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Topic: Matroska file format definition (Read 4138 times) previous topic - next topic
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Matroska file format definition

I've tried a couple times to make sense of the Matroska file format, as defined on (which is down as I type this), but I honestly can't make sense of the scheme used to describe the file structure. I read through the documentation and tried comparing it to sample files I'd created, but I can't relate the two. I need to find out basic information such as bitrate, playtime, resoution, sample rate, codecs, etc.  Can someone walk me through how to find that information, please?

Matroska file format definition

Reply #2
Those are very basic "What is Matroska? How do I play it" kind of guides. I couldn't find anything linked from there either.

Looking at the Matroska specs, I can see that all my sample files begin with [1A][45][DF][A3] as expected, but beyond that I'm lost. I can't relate the subsequent bytes to what I'm seeing in the specs. After those first 4 bytes, I see [93][42][82][88], then 'matroska', etc.

I guess what I'm looking for is either a guide for how to parse a Matroska file, or at least how to understand the specs as they're presented.

Matroska file format definition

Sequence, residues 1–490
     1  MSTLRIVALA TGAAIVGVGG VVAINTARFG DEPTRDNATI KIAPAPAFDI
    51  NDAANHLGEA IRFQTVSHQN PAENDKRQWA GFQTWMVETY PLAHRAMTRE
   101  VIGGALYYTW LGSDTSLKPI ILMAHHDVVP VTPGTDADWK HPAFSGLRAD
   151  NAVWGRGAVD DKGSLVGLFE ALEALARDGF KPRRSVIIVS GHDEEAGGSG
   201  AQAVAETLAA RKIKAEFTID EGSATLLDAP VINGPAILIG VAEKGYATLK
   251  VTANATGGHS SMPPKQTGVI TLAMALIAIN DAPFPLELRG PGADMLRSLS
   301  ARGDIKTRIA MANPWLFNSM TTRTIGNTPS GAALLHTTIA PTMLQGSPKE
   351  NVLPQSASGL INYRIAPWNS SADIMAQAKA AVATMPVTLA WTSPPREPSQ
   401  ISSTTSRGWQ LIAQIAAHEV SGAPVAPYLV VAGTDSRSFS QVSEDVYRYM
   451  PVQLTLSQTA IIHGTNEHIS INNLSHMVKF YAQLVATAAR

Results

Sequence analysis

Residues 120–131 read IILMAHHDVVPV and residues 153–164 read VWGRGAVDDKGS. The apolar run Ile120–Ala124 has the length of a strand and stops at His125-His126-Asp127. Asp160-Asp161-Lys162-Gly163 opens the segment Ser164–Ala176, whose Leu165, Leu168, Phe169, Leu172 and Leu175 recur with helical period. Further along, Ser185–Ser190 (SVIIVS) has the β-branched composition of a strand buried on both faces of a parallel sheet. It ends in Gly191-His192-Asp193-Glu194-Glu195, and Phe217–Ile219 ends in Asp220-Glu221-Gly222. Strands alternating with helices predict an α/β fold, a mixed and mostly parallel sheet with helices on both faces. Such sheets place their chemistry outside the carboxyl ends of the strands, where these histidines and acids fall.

Reply #4
What's to figure out? It's communist!

Happiness - The agreeable sensation of contemplating the misery of others.

Matroska file format definition

Reply #5
getID3(), you need to understand EBML first, before understanding Matroska.

EBML is like this : [ID][Length of Data][Data]

The Data can contain other EBML elements, or just an integer, a float, a string, etc.

The ID and the Length are coded like UTF-8. That means depending on the first bits of the ID/Length, you will have an ID/Length that span on 1,2,...,8 bytes (octets).

Once you understand that it's easy to see how Matroska works (I guess). The first element is a Level 0 element. And contains a list of other EBML element in its Data (this is called a Master element). All the elements contains other elements, that sometimes contain just valuable data (int, float, string, date, etc). That makes a hierarchy tree between the data. That's why it's close to the XML principles.

I hope it's a bit clearer now.

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